After leaving the military, Chuck attended the University of Houston School of Law. He received his Doctor of Jurisprudence in 1971. Chuck began his career as a lawyer in Big Spring, and practiced law in Austin and Houston. While practicing law in Houston, he also served as Municipal Court Judge for the City of Spring Valley for many years. He finished his career as a lawyer in Galveston where he retired in 2020.
Chuck is survived by his wife, Cleo Rita Kaufmann, nee Thomas of 58 years; children, Chanah (Jamie) King, Joshua (Laura Beth) Kaufmann, Marshon (Bryan) Sullivan; grandchildren, Samantha (Clayton) Whelchel, Jacob King, Alex Sullivan, Audrey Kaufmann, Adam Sullivan, and Max Kaufmann and one great-grandchild. He also leaves behind a brother Steve (Diane) Kaufmann.
There will be a Graveside Service Friday, June 2, at 2:30 p.m. at Trinity Memorial Park in Big Spring, Texas.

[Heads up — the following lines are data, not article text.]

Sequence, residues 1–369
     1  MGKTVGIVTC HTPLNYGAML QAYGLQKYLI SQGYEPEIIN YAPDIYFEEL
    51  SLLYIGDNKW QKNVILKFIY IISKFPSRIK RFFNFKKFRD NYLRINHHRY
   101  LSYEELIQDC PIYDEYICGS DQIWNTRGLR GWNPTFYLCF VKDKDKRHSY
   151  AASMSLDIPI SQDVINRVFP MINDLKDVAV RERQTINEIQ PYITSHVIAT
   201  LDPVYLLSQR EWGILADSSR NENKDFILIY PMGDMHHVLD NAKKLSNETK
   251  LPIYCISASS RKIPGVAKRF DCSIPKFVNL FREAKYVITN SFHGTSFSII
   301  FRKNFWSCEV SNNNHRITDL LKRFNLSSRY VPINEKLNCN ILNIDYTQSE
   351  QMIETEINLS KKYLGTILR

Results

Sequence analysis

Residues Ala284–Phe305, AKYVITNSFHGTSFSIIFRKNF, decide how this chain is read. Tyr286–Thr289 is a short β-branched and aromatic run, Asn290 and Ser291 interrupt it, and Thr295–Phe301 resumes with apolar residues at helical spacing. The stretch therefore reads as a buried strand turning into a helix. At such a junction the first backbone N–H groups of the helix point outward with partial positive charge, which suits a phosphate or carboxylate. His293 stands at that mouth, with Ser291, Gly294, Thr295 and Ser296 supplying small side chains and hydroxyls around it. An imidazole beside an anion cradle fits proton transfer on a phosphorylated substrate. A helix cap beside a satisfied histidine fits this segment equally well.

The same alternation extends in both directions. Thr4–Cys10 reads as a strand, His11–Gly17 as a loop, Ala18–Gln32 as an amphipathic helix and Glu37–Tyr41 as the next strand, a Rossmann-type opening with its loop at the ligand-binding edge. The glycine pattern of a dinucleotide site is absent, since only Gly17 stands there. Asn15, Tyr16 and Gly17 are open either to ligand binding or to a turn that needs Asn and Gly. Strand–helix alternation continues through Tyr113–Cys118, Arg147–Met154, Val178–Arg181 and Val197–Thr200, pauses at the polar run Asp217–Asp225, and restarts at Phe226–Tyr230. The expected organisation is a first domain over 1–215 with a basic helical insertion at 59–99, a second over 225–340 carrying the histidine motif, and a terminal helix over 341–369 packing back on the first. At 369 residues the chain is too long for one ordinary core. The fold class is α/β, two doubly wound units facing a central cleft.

In lieu of flowers, please consider a donation to your favorite charity in Chuck’s name. He would really love that.
Arrangements are under the direction of Nalley-Pickle & Welch Funeral Home and Crematory.  Online condolences can be made at

Amanda McLean (’21)

DJ “Die Hard” Explains Her Unique Path to Join the U.S. Army

By Maj. Javon Starnes, 19th Expeditionary Sustainment Command public affairs officer

May 31, 2023

McLean was recently promoted

DAEGU, Republic of Korea – Army Sergeant Amanda “DJ Die Hard” McLean, hailing from Houston, Texas, is a shining example of someone who embarked on an incredible journey that led her to the United States Army. In an exclusive interview, Sergeant McLean shared her background and the path that brought her to the Armed Forces Network in the Republic of Korea.